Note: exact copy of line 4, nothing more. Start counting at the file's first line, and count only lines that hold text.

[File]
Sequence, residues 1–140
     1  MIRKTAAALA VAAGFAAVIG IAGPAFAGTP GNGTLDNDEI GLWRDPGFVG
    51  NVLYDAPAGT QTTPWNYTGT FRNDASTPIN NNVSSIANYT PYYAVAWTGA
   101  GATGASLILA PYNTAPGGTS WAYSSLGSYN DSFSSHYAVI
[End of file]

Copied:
   101  GATGASLILA PYNTAPGGTS WAYSSLGSYN DSFSSHYAVI